And yet... I decided she had always played a girl in the RPGs she played as a teen, so she would as an adult, too. She would revisit "Megan, the Wayward Girl," the character she had played as a teen. Getting sucked into a game world where she would become Megan, whom I described as looking like "Taylor Swift, if she were a character in The Witcher," would surely be a mallet to her shell. And it was.

I was surprised at how easily Megan's journey from egg of steel to cracked egg to self-acceptance came to me, complete with a stop in, "Oh, God, this feels so good, I need to make it stop at any cost!!!" town. But of course it came easily to me. It was my own journey. If I had suddenly become one of the many (many, many) woman characters I had played in TTRPGs over the years, you would have had to drag me forcibly out of the world I had been sucked into, no matter how crappy. I would have abruptly felt alive, with all the good and bad that cam with that.

Which brings me back to the trap.

The GM, who was also playing my wife (because the GM is a character in the game, while also handling the other typical roles of a GM), brought our little party to a city at the edge of a vast lake. There, we met a 9-year-old orphan girl who immediately tried to run a grift on us. I tried, first, to get rid of her, but she hung around us like she knew we were her meal ticket. Finally, I snapped at her that if she wanted a mom, I would be her mom, and then she didn't just follow the party around. She followed me around.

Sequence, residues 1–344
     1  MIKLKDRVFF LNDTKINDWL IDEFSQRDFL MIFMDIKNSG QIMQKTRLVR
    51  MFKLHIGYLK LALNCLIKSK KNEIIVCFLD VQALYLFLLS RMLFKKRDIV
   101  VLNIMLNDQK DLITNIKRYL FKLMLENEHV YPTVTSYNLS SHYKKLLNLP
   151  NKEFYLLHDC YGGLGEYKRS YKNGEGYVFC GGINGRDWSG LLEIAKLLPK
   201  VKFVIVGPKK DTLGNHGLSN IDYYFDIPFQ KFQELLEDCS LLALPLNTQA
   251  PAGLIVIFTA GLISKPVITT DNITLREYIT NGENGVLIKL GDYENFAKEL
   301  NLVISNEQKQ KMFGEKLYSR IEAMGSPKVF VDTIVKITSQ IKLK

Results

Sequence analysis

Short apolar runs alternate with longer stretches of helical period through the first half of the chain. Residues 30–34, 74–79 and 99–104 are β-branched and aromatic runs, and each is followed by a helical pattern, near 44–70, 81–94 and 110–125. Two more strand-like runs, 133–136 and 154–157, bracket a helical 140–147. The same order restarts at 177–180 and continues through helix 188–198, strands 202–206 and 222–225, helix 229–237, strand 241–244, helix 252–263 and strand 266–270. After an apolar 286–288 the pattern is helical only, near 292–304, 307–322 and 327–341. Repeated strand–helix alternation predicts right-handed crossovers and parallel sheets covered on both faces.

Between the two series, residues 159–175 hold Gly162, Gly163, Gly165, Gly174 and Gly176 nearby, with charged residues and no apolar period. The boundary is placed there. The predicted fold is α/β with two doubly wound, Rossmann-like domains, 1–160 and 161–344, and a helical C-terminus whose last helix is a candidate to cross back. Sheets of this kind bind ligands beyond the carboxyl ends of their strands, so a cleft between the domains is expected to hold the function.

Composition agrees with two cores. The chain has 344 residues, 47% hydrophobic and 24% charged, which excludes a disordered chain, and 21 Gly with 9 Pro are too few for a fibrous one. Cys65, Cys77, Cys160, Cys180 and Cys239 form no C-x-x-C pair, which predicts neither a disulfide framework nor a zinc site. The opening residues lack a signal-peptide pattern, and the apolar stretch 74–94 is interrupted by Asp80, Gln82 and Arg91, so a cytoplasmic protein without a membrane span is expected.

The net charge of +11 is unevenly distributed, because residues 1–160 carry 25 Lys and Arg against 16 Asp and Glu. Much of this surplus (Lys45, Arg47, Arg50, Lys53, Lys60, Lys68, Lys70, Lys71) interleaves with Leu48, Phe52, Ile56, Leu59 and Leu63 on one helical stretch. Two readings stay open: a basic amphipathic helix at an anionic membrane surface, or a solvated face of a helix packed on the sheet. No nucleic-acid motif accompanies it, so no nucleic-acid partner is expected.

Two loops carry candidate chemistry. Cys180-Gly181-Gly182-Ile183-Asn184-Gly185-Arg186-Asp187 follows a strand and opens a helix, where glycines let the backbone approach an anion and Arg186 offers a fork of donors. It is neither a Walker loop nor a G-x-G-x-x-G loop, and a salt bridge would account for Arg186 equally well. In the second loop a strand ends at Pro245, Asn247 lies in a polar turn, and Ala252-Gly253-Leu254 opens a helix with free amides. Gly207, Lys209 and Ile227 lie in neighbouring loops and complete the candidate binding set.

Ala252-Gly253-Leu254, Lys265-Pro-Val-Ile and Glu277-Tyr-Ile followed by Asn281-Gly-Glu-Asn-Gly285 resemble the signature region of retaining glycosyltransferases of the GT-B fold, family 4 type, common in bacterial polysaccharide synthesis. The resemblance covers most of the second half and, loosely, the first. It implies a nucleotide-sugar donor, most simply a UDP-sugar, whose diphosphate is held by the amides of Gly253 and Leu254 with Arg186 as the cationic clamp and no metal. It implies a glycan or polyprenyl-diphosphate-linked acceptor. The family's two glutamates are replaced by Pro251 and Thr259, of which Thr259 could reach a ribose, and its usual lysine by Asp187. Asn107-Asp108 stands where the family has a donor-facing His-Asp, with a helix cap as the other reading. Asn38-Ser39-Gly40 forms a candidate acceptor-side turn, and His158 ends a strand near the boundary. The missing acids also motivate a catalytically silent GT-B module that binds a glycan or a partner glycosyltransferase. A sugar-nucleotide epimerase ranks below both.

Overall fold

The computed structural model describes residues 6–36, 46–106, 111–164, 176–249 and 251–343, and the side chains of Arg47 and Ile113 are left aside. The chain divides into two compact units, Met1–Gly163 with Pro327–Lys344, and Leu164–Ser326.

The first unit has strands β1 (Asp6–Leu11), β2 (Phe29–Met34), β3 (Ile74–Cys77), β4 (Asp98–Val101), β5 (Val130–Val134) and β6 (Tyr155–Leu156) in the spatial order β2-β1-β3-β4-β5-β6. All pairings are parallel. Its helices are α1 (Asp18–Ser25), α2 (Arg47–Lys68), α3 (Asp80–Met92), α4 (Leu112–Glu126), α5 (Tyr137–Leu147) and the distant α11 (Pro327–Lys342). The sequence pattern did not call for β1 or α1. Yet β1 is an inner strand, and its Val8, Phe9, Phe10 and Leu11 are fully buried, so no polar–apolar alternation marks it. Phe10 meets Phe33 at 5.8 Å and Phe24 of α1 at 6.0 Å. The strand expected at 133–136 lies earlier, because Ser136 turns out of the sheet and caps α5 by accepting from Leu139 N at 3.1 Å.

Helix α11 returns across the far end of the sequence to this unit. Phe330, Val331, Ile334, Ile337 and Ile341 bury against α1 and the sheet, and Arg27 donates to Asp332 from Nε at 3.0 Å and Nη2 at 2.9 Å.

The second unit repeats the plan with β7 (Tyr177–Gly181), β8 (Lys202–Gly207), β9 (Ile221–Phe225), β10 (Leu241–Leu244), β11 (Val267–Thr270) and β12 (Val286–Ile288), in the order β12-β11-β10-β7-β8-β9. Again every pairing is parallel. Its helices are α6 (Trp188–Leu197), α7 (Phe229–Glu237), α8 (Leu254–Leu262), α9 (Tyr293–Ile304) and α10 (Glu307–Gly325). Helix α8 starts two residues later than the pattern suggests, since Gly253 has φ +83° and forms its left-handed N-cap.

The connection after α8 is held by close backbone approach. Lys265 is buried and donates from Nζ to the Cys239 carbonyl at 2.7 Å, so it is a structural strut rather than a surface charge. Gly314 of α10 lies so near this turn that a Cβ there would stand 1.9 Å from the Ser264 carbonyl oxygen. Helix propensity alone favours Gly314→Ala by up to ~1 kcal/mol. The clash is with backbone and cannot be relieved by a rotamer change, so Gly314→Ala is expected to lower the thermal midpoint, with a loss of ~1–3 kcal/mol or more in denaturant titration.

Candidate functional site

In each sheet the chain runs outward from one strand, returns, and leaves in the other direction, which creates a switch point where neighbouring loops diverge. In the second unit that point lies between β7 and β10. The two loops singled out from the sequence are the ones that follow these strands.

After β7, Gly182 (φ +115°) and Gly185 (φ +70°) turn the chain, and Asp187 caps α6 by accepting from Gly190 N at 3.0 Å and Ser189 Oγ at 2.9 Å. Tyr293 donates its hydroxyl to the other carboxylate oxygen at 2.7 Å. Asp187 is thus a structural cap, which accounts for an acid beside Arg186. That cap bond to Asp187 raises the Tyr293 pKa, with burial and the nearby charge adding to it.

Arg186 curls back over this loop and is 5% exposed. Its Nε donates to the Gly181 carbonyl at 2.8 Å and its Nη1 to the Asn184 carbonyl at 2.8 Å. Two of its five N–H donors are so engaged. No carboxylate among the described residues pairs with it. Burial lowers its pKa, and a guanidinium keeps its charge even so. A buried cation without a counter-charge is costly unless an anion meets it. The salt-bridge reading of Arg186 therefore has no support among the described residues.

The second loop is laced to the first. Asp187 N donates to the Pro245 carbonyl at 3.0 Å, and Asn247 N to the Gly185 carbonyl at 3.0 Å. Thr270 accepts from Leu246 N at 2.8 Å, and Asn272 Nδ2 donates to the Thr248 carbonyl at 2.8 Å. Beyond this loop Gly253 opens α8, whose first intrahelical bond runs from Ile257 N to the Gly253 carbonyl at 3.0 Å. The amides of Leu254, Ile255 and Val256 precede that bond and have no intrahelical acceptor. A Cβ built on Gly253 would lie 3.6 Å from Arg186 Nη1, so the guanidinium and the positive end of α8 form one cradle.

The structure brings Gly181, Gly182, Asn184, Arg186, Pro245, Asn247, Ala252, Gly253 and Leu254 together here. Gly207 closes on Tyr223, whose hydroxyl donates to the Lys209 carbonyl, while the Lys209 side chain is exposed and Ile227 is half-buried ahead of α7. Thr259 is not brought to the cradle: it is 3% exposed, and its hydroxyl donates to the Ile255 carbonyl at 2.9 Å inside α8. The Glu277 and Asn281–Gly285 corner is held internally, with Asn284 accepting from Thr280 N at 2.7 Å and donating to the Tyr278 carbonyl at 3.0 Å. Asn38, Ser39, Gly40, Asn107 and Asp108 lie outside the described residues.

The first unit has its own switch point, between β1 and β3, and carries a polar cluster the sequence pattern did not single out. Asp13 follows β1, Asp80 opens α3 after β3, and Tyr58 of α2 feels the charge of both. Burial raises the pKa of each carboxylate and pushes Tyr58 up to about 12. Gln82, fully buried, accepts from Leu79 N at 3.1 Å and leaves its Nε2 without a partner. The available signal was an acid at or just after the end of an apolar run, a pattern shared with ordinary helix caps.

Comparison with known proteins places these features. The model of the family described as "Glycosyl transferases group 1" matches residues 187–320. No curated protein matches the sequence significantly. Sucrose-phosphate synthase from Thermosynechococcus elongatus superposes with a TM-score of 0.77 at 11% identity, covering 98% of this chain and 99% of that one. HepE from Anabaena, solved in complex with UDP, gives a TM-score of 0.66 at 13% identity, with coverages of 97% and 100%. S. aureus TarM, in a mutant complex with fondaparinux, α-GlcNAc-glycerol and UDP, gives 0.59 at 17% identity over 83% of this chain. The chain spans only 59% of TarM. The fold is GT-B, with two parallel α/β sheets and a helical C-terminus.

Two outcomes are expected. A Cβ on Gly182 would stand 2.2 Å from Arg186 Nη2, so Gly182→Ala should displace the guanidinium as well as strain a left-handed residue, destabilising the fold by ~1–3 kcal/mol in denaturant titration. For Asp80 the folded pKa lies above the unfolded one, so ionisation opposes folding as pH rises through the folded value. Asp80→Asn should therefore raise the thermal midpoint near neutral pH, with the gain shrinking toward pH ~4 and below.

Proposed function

And just like that, I had a daughter. And just like that, DIE had taken me from playing out an arc I explicitly wanted to play out — I'm a trans girl! — to one I didn't even realize I was going through in my own life. I wanted to be a mom. And I maybe wanted to be a mom through adoption.

I thought maybe this was a pure coincidence, something that had happened in play organically. But no, the GM assured me, that girl had been there to pluck at that particular idea I had introduced in our character brainstorming. It was up to me to invite her into my heart, but once I did, she was there to say. It's been weeks since we played, and I still can't shake her.


THE SPOILERS ARE GONE

Player bleed is a topic no two tabletop RPG players will agree upon. I am someone who all but encourages it at the table. I've never created a character who wasn't an attempt by me to grapple with some weird thing I was going through. Because I am a writer, I find it hard to explore fictional worlds without bringing giant, meaty hunks of myself into them. And when I GM, I always look for the most emotional, most raw stuff my players introduce in brainstorming and try to find safe ways to introduce it into the story.

I benefit from primarily playing with people who play lots of story games and indie RPGs, where this kind of emotional exploration is much more commonly encouraged than it is in more mainstream games (though Lord knows I will take any D&D campaign I'm in and turn it into an excuse to dig down into my particular weirdness). I also benefit from playing with people who have lots of experience utilizing safety tools that are designed to stop games from going to triggering or traumatic places long before we get there.